Aside other several challenges like the workers’ strike in April, Nigeria has had to battle the menace of oil theft and pipeline vandalism as well as waning investment in the oil sector.
Expanding Production Frontiers
The Nigerian National Petroleum Company Limited (NNPC) in a deliberate efforts officially kicked off the exploratory drilling campaign in Obi, Nasarawa State, with the assurance that the effort would contribute to its aspiration to grow the country’s crude oil reserves to 50 billion barrels, from the current 37 billion barrels.
At the ‘spudding’ of the Ebenyi-A Well, the first in the Middle Benue Trough, former President Muhammadu Buhari, said the move was in line with the ongoing campaigns for the exploration of crude oil and gas in the nation’s frontier basins.
Buhari, listed the assets the nation intends to explore as those in the Chad Basin, Dahomey Basin, Anambra Platform, the Calabar Embankment, Sokoto Basin, Bida Basin, Benue Trough as well as the Ultra-Deepwater Niger Delta.
He stated that the exploratory efforts were consistent with the commercial discoveries of hydrocarbons in the Kolmani area of the Upper Benue Trough.
“I am pleased to note that activities are currently ongoing to develop the Kolmani petroleum discoveries to commercial production to add to the nation’s considerable hydro-carbon assets.
“I am encouraged by the enormous work done by NNPC Limited to exploit the prospects in the Middle Benue Trough, leading to the event of today,” Buhari noted.
While lauding the commitment of the NNPC, the Nigerian Upstream Petroleum Regulatory Commission (NUPRC) and other partners for their immense contributions towards making the event possible, the president expressed the hope that the consequent positive outcomes of the drilling campaigns will lead to greater prosperity and enhance overall energy security for Nigeria.
He added that the surrounding communities would particularly benefit from the value that would be created by the exploration and eventual production activities and admonished NNPC and its partners to take due care of the environmental consequences of the oil exploration activities and to mitigate the negative effects.
He further thanked the government and people of Nasarawa State- the host community- for their unfettered support and collaboration towards the success of the exploration campaign.
Also speaking, the Group Chief Executive Officer of the NNPCL, Mallam Mele Kyari, described the event as a special occasion, explaining that it was part of the execution of the president’s express mandate for the NNPC to pursue exploration in the frontier inland Basins with vigour.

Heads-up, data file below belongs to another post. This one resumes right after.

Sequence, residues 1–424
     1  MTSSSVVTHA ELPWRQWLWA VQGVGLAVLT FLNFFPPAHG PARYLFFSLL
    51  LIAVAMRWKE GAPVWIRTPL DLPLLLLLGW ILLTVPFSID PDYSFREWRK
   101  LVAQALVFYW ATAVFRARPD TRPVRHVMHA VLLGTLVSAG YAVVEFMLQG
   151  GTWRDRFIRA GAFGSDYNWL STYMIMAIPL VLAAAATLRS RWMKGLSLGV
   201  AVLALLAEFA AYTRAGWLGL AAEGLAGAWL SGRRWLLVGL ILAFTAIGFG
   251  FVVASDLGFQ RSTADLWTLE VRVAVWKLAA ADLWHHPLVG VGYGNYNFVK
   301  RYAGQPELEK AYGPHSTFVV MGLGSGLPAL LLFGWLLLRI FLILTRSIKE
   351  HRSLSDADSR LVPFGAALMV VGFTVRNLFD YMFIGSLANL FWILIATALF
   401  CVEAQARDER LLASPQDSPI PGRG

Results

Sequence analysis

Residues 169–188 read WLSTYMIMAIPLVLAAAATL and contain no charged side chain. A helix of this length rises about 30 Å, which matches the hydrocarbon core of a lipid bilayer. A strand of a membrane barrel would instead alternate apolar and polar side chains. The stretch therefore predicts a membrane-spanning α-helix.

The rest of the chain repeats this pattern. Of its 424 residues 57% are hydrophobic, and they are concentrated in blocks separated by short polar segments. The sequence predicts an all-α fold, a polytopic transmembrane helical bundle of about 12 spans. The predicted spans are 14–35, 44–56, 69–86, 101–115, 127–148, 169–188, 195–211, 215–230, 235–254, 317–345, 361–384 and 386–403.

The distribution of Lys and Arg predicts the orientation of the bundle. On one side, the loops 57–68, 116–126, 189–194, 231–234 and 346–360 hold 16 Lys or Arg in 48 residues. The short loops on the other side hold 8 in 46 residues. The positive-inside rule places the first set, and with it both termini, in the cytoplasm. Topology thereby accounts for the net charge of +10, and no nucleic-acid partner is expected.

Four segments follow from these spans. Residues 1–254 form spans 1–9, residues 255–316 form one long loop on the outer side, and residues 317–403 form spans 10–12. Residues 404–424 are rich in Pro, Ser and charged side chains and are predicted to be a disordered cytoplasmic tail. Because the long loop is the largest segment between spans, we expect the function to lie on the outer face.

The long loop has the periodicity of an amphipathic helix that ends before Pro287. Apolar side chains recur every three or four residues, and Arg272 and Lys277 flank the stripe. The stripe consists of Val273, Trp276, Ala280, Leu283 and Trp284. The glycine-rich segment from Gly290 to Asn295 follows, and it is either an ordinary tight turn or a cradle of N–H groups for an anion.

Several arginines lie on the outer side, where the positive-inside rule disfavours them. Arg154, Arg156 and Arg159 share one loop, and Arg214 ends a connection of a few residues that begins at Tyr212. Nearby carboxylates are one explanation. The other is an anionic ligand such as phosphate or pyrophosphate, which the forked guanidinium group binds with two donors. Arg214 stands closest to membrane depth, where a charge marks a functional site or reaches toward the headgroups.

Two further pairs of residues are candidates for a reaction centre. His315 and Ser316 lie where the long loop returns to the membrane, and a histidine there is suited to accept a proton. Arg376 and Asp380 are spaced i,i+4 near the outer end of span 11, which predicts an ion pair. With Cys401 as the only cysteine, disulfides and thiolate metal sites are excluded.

Kyari added that the mandate targets growth of hydrocarbon reserves in the country with the ultimate aim of enhancing national energy security and associated economic benefits to the people.
While highlighting that exploration in the mid Benue trough commenced over a decade ago, he pointed out that since 2010, the NNPC had executed several geophysical activities, applied niche technologies and conducted integrated studies, leading to the firming up of the Ebenyi-A well.
The GCEO restated that findings were very indicative of potential commercial hydrocarbon discovery in the area.
“Today, we have mobilised the drilling rig to this site, here in Obi Local Government Area of Nasarawa State. We are optimistic that the positive outcome of this campaign will contribute to the national aspiration of increasing our hydrocarbon reserves from 37 billion barrels to 50 billion barrels, in the short to medium term and increase our crude oil production to a target of 3 million barrels (per day).”
He noted that the NNPC in conjunction with the NUPRC were committed to conducting exploration activities of the nation’s frontier basins that span the aforementioned basins using the best industry standards and technologies.
He further mentioned that the mobilisation for re-entry into the Chad Basin had commenced as directed by the president even as the NNPC progresses other activities in the Frontier Basins.
Kyari assured stakeholders that the NNPC will conduct the operation with the utmost care and attention to health, safety and environmental issues.
“We understand the responsibility that comes with exploring and exploiting natural resources, and we are committed to doing so in a way that will best benefits our country and its people.
“As NNPC Ltd we commit to leading practices and highest standards in the course of our operations and would be engaging in Impact Assessment studies during and after operations to mitigate possible effects of our exploration activities.
“We will also engage the host communities as major stakeholders and execute Community Assisted Projects in line with NNPC Ltd Corporate Social Responsibility policies and provisions of the PIA,” he added.
In his remarks, then Minister of State, Petroleum Resources, Timipre Sylva, stressed that the event marked another milestone in the decades of hydrocarbons exploration in the inland frontier basins.
The minister, who was represented by the NUPRC Chief Executive, Mr. Gbenga Komolafe, explained that the development underscored the efforts of government in ensuring that requisite investments were made in the frontier basins exploration in Nigeria.